Well, duh — I don’t think anyone thought a relocation fee was going to be the holdup if the Coyotes owners want to move. The bigger problems are 1) finding another city with an arena ready to move to that 2) would offer anything close to as generous a lease as the one the Coyotes are trying to enforce in Glendale and 3) overcoming league commissioner Gary Bettman’s commitment to hockey in the desert as his lasting legacy. Not that all that couldn’t happen eventually, of course, but jeez, the team had a lease option already to opt out as soon as next year — if they weren’t already “exploring relocation,” even just as a Plan B, they’d be subject to getting kicked out of the fraternity of sports team owners. But still, nice work, TSN senior corresponden Rick Westhead, at getting an exclusive scoop that just required reprinting without attribution what a guy at the league office no doubt wanted you to reprint.

Coyotes owners still threatening lawsuit vs. Glendale, but settle for restraining order for now

And while we’re on the topic of lawsuits, the Arizona Coyotes successfully got their temporary restraining order on Friday against the city of Glendale vacating their lease. That’s no real surprise, as for a TRO you pretty much just have to show that you’d be damaged if the action went through and then was later found to be illegal — the judge in the case didn’t even indicate whether Glendale has to keep making its $15 million a year “operating subsidy” payments to the Coyotes owners while the restraining order is in place, so it doesn’t mean a whole heck of a lot.

We’re still all waiting on that promised $200 million lawsuit, meanwhile, which apparently needs to wait on the city actually informing the Coyotes officially of the lease termination, and also maybe until the Coyotes lawyers find a reason why they picked $200 million as the amount of damages. That’s $30 million more, it’s worth noting, than the entire team is worth based on its 2013 sale price.

And then there’s this:

Meanwhile, the city said it would hold a closed-door executive session on Tuesday following a possible breakthrough in the dispute.

“An opportunity for the two of us to discuss the issues has presented itself, and I am optimistic that with continued dialogue we can come to an agreement that satisfies both parties,” [Mayor Jerry] Weiers said.

Is it possible the Coyotes are willing to cut Glendale a break in exchange for keeping alive their annual city paychecks? Is Weiers backing down out of fear of a lawsuit? We’ll find out more tomorrow, maybe.

Coyotes threatening to sue Glendale for $200m, because in America you can sue for whatever you want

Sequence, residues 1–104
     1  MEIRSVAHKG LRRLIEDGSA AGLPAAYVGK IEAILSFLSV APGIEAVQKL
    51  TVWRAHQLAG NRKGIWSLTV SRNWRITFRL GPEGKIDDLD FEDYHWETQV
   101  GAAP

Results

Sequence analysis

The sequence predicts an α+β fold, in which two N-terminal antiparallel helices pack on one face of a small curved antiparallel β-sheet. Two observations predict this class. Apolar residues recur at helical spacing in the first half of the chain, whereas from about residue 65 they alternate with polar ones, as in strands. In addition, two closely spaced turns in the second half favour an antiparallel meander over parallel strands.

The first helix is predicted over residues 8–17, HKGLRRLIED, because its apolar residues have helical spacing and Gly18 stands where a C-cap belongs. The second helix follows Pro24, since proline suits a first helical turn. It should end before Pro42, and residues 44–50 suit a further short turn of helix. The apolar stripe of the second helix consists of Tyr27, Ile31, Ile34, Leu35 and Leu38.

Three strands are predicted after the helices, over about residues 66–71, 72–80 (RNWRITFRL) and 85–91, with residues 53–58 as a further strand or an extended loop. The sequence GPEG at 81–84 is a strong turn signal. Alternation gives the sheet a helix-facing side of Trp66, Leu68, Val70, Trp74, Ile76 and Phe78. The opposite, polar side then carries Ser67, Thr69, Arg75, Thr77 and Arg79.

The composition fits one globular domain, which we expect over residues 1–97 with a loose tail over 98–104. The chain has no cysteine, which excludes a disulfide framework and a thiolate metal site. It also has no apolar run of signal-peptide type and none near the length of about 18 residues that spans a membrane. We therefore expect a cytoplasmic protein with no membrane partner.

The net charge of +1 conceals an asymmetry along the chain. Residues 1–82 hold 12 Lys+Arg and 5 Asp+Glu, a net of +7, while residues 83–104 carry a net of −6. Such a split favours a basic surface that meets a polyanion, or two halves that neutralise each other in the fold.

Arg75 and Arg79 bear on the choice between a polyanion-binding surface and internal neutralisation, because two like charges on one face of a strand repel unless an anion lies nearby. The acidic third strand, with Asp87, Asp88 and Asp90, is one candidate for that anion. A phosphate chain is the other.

Two days into the brave new world of Glendale terminating the Arizona Coyotes‘ lease, and the first lawsuit has been announced! Let’s listen in:

“What Glendale did is outrageous, irrational and cannot be condoned,” Bettman said.

Wait, sorry, that’s the first Gary Bettman press statement. Let’s see, lawsuit, lawsuit, here we go:

After the meeting, attorney Nicholas Wood said the team would file for injunctive relief and a temporary restraining order, and file a $200 million lawsuit against the City.

Filing for an injunction? Makes sense. TRO? Also makes sense, especially since that’s just another form of injunction. Seeking $200 million in damages? That seems like it was just pulled out of somebody’s butt as a nice round number. (Glendale doesn’t even owe the Coyotes owners $200 million remaining on its lease subsidy deal, and in any event if a judge rules that the lease can’t be broken, the Coyotes still get that money.)

So where did the Coyotes get that number? Here’s a tweet from Wood that doesn’t shed any light on it, and here are articles from Yahoo! and NBC Sports that don’t either, and the Arizona Republic, and — okay, everyone is just repeating the one thing that Wood said without any more information, so we can stop looking now. I’d call the Coyotes myself, but it’s like 3 in the morning there (note: time zones not actually to scale), so it will have to remain a mystery for now.

Let’s see, what else we got today? Any more big round numbers pulled out of butts?

I think one of the consequences could be no NHL expansion team in Las Vegas, at least not in the near term. Same thing with expanding to Seattle. The league presumably would have to add two teams to keep a balanced schedule. After all, how could commissioner Gary Bettman add two more franchises to the 30-team league while there is so much uncertainty over the state of the Arizona franchise?

That could mean the NHL says goodbye to the $500 million expansion fee it was reportedly looking to get for each expansion team. adding a team in Las Vegas. That works out to $33 million per owner down the drain for the time being.

Yeah, that’s the stuff. I feel like I should chime in with some giant numbers of my own — maybe how much the newspaper industry in Arizona will suffer if this Coyotes saga ever finally drags to a conclusion — but the “billion” key on my laptop is broken.